City Agrees Not to Reinstate Curfew Except Under Compelling Circumstances
January 17, 2013
FOR IMMEDIATE RELEASE
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NEW ORLEANS — After an ACLU -sponsored lawsuit concerning a 10 pm mandatory walking curfew in the City of Ville Platte, a federal court today signed off on a consent decree under which the City has agreed not to enact future curfews without a compelling need.
From February 11 through October 13, 2011, the City of Ville Platte had a curfew that prohibited walking outside after 10 pm. After more than 100 people were cited and, in many cases, jailed, for no more than walking the streets at night, local resident Arthur Sampson filed suit to have the oppressive ordinance struck down. After the lawsuit was filed the City terminated the curfew and has now agreed not to reinstate it except under the most limited and compelling circumstances.
"This is a victory for the people of Ville Platte," said Marjorie R. Esman, Executive Director of the ACLU of Louisiana. "In a free society people must have the right to move about as they choose. That right has been restored in Ville Platte, where it should not have been taken away to begin with."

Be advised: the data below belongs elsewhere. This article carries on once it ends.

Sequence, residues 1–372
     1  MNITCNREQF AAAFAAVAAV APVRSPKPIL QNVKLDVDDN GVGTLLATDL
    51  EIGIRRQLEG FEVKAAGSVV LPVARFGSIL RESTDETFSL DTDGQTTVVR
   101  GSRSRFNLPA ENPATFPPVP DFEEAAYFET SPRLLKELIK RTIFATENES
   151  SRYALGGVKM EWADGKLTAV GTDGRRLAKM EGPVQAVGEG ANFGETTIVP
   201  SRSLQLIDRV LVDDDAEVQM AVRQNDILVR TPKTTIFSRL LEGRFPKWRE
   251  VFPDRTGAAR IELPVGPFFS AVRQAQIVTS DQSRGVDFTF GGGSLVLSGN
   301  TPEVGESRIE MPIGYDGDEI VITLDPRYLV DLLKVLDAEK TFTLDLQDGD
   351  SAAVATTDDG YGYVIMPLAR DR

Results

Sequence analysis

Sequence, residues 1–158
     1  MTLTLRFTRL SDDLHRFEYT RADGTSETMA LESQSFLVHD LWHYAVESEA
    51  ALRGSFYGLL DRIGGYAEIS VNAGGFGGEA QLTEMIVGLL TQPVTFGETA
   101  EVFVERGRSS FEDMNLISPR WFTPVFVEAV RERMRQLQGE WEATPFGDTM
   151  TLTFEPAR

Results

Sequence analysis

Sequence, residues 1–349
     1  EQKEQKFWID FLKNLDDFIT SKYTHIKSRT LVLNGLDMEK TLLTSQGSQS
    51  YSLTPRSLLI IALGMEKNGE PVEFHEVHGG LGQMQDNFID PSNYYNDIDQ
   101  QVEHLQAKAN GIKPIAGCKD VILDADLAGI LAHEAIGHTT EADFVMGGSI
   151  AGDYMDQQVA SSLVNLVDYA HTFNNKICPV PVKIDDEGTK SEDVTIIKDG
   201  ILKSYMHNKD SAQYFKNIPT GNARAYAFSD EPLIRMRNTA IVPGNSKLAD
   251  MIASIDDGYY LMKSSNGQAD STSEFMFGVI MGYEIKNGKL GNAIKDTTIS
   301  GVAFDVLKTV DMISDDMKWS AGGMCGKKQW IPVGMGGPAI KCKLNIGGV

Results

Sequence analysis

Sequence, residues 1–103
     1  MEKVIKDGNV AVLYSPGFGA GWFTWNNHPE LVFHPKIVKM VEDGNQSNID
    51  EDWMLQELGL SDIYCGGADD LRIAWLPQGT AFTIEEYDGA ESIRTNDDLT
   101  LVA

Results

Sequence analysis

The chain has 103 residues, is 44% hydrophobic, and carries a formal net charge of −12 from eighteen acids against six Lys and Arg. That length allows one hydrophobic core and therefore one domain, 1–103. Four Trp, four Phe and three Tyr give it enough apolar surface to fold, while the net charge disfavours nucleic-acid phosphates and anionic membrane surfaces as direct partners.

The consent decree specifies that future curfews will be only "the least restrictive measure necessary to achieve a compelling need." The simple fear of crime is not such a compelling need, and Ville Platte residents are now protected against future restrictions based on fear alone.
In addition, the City agreed to reimburse the ACLU of Louisiana and cooperating attorney William Goode approximately $16,893.48 in attorneys’ fees and costs.
A copy of the Consent Decree can be found here: https://www.laaclu.org/resources/2013/011713VillePlatteConsent.pdf